Eileen Gray’s Carpets

​One of the best parts in the fascinating talk by Dr. Jennifer Goff, Curator of Furniture, Silver, and the Eileen Gray Collection at the National Museum of Ireland in my class on collecting design this morning, was that devoted to the carpets that the Parisian-based Irish designer created from the teens through the 70s.

It is in her design of rugs, which Gray began creating during the crafts revival, that she came to express the major avant-garde movements in the arts, all of which came to influence her thoughts: Fauvism, De Stijl, Cubism, Italian Futurism, and Russian Constructivism, found their expression In Gray’s design for rugs. We learnt today that even after closing her shop Jean Desert in 1930, she continued to actively produce carpets and that they were produced at an atelier in Paris that she had set up with her American friend and colleague Evelyn Wyld in 1910.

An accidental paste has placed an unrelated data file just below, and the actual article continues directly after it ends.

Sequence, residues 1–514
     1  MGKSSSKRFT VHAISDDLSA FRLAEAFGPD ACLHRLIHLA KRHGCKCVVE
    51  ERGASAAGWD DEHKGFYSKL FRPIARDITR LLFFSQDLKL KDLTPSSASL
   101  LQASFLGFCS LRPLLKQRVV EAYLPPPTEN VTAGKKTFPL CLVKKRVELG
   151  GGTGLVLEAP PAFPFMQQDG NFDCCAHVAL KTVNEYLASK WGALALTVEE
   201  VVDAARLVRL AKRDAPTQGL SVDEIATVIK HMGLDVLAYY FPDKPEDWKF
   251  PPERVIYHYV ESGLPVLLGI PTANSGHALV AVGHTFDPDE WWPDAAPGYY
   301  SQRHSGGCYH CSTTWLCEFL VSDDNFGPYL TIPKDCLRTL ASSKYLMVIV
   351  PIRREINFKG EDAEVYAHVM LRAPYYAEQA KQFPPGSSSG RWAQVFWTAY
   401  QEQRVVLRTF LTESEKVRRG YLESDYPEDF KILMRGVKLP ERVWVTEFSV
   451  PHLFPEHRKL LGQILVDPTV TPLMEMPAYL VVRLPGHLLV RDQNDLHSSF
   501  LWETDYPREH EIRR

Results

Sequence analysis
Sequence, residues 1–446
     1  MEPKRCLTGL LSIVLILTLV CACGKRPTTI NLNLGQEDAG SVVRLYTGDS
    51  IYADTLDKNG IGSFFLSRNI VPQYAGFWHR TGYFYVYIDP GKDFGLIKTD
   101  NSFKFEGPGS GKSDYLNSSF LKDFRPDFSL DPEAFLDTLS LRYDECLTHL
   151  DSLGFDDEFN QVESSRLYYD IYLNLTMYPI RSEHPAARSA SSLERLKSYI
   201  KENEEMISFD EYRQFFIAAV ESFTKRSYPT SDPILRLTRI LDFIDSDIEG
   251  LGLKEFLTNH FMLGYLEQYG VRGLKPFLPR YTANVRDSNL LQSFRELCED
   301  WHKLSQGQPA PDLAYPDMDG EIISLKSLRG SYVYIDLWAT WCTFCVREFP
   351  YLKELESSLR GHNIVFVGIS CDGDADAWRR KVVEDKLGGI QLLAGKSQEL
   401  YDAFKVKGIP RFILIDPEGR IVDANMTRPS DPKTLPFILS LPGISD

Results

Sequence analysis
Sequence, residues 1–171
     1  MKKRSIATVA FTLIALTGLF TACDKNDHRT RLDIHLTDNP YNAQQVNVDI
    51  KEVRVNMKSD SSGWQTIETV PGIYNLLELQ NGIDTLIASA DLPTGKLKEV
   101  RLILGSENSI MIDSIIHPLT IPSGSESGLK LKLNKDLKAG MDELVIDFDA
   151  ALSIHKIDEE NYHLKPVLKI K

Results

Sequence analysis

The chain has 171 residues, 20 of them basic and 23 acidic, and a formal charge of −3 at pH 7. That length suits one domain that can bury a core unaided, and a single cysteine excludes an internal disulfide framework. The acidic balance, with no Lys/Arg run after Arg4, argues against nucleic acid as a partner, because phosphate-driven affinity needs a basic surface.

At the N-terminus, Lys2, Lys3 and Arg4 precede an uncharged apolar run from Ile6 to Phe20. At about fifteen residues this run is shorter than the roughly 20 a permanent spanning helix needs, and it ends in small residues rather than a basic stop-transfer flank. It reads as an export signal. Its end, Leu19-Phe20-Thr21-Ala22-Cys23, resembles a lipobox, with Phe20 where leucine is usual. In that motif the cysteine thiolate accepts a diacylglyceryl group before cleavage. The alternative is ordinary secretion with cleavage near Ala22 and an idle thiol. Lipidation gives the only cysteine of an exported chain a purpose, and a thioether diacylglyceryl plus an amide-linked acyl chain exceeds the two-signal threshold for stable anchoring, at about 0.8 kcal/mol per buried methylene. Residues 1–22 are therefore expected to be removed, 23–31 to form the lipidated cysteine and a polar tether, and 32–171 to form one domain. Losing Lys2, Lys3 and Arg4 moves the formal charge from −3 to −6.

​It is in the carpets that one can trace Gray’s extraordinary talent for flat patterns and graphic, as she beautifully captured her environments in the carpets, translating them into abstract patterns: the streets of Paris, the urban structure of St. Tropez, the views seen from E1027, the modernist villa in the French Riviera where she briefly lived. Horizontal and vertical bands, bold geometrical forms, and amazing combinations of colors came to define her carpets. 

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Etoile de mer Carpet, c.1930; Collection of MoMA.

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St. Tropez Rug

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Roquebrune Rug

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Castellar Rug

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